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Will divorce make me poor?

Will divorce make me poor?

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Divorce has likely gained you independence, you may have also gained something else – a higher risk of poverty.

New research shows that divorce can have devastating financial consequences that often last for years.

According to studies, the standard of living for women can drop as much as 45 percent after divorce. For men, it can drop 21 percent. And for households with children, the impact is even greater. How did this happen?

Legal fees, splitting assets, setting up separate households – it all adds up quickly. And if you’re the lower-income spouse, you may end up with a far smaller share of resources. The financial stress can be enormous.

While divorce may have been the right choice for you emotionally, it pays to go in with your eyes open to the potential economic hardship to come. The good news is there are steps you can take to safeguard your financial security.

The question is, will you take action now to avoid poverty later? Your financial future is at stake.

The Financial Impacts of Divorce

Divorce often comes with financial troubles. Studies show that women experience a 27% drop in their standard of living after divorcing, while men face a 10% increase.##

There are a few reasons why divorce frequently leads to economic hardship:

Division of assets

Division of assets. Couples have to split their shared assets like the house, vehicles, investments, and bank accounts. This can leave both parties with fewer resources than before.

Household income

Reduction in household income. Previously, two incomes supported one household. Now, each person has to support themselves separately on typically lower individual incomes.

Additional expenses

Each person now has to pay for housing, utilities, transportation, and other costs on their own. There are essentially two of everything required now.

Unpaid costs

Unpaid costs. During marriage, one spouse may have supported the other through education or job training. But after divorce, the supporting spouse doesn’t benefit from that investment.

Legal Fees

The divorce process itself can cost between $15,000 to $30,000 per person or more. These fees have to be paid upfront, further depleting savings and income.

While not everyone suffers financially after divorce, many do experience hardship.

The key is making well-informed decisions before and during the divorce process to safeguard your economic well-being as much as possible. Focusing on compromise, minimizing legal disputes, and separating assets fairly can help reduce costs and set both parties up for financial stability post-divorce.

How Divorce Can Lead to Poverty

Divorce can be financially devastating. Studies show that women’s household incomes drop significantly after a divorce, while men’s incomes rise. For many, the legal and living expenses involved with ending a marriage lead to a plunge into poverty.

Housing and Living Expenses

After a divorce, the cost of housing and living essentially doubles. Where spouses once shared expenses, they now must pay for two separate households. This often means downsizing or relocating to more affordable housing. For some, it could mean not being able to afford housing at all.

Legal Fees

The legal process of divorce itself can be extremely expensive. Attorney and court fees, especially if the divorce is contested, can cost tens of thousands of dollars. These fees must often be paid upfront, before the division of assets. For lower-income families, the legal costs of divorce alone can drive them into poverty.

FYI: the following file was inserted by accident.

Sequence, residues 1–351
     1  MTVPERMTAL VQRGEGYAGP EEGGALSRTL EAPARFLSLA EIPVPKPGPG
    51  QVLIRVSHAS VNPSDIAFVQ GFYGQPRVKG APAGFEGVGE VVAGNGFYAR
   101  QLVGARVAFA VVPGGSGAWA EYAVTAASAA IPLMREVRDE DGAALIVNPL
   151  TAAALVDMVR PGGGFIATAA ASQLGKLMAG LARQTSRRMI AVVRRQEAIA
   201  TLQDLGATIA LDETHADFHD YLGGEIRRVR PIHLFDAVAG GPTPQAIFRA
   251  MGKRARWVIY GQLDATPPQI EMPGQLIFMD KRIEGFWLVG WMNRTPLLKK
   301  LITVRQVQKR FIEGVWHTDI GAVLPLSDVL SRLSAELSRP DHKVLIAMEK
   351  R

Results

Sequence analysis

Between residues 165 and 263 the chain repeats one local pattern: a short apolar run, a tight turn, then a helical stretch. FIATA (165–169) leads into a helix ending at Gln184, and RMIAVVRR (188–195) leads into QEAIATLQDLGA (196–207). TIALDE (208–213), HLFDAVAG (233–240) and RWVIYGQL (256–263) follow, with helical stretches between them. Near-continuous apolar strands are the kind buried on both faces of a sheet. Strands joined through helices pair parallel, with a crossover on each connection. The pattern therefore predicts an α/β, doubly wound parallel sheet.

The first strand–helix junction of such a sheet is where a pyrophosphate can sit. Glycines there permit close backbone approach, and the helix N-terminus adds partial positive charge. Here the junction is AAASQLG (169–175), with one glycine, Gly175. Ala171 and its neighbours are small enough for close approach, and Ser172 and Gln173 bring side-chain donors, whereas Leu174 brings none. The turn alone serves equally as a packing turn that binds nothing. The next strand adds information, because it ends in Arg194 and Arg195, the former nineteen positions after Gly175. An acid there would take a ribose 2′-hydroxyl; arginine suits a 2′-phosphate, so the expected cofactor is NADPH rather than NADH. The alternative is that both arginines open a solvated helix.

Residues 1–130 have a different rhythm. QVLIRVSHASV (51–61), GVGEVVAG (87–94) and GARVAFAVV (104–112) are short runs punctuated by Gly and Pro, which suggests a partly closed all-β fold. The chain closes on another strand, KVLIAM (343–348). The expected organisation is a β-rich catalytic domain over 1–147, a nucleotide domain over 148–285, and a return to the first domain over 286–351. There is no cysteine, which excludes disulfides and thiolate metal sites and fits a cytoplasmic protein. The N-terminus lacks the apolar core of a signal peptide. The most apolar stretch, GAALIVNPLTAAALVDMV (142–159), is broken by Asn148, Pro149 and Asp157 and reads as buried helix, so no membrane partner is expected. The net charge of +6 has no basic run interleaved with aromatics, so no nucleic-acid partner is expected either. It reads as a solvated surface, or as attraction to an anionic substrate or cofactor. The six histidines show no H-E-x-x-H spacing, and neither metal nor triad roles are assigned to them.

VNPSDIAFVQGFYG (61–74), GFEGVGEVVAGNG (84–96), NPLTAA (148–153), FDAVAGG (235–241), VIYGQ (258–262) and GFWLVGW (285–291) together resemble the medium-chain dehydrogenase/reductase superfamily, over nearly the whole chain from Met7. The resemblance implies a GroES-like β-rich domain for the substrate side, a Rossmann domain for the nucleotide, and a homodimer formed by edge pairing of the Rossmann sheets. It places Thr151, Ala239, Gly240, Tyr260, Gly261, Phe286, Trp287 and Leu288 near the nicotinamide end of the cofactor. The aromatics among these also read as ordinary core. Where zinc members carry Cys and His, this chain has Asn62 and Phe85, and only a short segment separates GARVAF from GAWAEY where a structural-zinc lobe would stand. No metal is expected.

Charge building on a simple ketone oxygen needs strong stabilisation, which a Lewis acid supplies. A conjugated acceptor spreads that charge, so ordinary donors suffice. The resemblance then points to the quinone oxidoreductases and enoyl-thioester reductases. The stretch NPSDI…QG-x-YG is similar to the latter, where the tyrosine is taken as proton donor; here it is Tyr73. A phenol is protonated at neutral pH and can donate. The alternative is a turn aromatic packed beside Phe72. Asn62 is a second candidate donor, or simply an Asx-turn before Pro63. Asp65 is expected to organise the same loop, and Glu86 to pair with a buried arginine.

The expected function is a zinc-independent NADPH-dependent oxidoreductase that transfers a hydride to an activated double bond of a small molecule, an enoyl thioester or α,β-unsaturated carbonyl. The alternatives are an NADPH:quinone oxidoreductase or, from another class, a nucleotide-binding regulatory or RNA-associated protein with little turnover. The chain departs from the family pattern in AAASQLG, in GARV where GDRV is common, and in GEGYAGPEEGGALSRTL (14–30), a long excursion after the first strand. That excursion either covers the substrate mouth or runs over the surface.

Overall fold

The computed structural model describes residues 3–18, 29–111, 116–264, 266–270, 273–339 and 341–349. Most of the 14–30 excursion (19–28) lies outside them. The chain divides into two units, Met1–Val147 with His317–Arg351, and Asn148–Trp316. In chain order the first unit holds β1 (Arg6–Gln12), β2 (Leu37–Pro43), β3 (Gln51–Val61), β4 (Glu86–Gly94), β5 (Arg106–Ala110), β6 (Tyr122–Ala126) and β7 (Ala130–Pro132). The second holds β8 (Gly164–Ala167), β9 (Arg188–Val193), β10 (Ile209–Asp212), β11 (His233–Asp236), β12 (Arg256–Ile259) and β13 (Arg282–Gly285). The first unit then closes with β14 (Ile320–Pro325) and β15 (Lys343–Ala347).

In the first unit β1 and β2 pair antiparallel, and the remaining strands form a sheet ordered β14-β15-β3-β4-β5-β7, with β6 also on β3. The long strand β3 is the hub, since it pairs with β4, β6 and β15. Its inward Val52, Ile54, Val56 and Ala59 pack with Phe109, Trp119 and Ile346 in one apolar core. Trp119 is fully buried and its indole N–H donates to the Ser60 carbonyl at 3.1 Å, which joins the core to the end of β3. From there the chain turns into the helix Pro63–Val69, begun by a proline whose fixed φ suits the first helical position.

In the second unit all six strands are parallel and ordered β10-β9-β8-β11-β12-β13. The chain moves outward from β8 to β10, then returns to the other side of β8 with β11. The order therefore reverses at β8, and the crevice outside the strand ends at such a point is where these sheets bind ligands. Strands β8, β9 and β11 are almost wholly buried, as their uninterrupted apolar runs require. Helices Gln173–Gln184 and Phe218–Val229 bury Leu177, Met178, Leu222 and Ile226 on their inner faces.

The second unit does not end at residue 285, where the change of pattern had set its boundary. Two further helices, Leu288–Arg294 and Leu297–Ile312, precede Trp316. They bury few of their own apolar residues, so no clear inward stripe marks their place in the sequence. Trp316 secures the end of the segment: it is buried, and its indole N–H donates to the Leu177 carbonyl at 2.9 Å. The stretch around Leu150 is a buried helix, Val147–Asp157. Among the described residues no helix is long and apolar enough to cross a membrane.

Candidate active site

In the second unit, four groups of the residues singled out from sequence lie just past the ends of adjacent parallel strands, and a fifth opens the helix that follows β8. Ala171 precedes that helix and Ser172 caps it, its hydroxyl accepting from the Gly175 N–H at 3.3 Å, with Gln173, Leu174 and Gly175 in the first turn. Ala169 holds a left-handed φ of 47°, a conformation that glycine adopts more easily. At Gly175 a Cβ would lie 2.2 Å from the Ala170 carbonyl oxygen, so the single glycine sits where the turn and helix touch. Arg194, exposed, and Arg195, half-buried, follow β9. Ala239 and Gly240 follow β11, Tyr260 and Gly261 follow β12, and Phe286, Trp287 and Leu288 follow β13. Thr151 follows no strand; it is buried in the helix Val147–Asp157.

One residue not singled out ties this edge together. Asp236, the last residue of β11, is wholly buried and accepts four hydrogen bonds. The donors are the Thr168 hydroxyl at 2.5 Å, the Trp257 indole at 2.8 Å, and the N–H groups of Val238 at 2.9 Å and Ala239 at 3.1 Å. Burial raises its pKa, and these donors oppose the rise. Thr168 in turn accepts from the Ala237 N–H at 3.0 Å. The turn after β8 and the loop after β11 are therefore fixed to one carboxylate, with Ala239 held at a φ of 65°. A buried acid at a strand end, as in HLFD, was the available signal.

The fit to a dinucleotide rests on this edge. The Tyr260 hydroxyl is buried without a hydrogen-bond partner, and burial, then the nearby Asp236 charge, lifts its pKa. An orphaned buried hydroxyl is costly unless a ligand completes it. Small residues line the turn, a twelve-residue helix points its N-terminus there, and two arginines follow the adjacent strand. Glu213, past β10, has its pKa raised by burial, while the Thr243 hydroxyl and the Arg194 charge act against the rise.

Child Support and Alimony

Following a divorce, the primary caregiver is typically awarded custody of any children. The other spouse is then obligated to pay child support. However, a lack of compliance with child support orders is common, leaving many single parents struggling financially. Alimony, or spousal support, is also not guaranteed. When awarded, it often does not provide enough income to prevent poverty.

Job Loss and Career Interruptions

In some cases, a spouse may have to quit their job or experience a career interruption due to childcare issues or relocation after a divorce. This can significantly impact their income and financial stability long-term

For women especially, this often leads to poverty that can persist for many years.

Divorce is difficult enough without the added hardship of financial devastation. However, with proper planning and support, people can move on from divorce without ending up in poverty. But for many, it remains an unwanted reality.

Gov.UK: Money & Property when you separate


Statistics on Poverty After Divorce

According to recent studies, divorce can lead to poverty for many individuals. Statistics show:

Nearly 30% of divorced women fall into poverty.

Compared to married women, divorced women are much more likely to experience financial hardship. Losing the income of their spouse and the increased costs of running a separate household often lead to economic troubles.

Divorced people over 65 have a higher poverty rate.

For older adults, the financial strain of divorce is even more severe. Limited work opportunities and fixed incomes mean less ability to recover financially after a split. Around 20% of divorced individuals over 65 live in poverty compared to 5% of married seniors.

Women experience a larger drop in income after divorce.

While both partners typically see their incomes decrease following a divorce, studies show women often face a bigger financial blow. On average, women experience a 45% drop in their standard of living after a divorce. For men, the decrease is around 30%.

The reasons for this disparity stem from unequal divisions of assets, women receiving custody of children more often, and the gender pay gap.

Women: 45% drop in their standards

Men: 30% drop in their standards

Poverty rates are higher for custodial parents.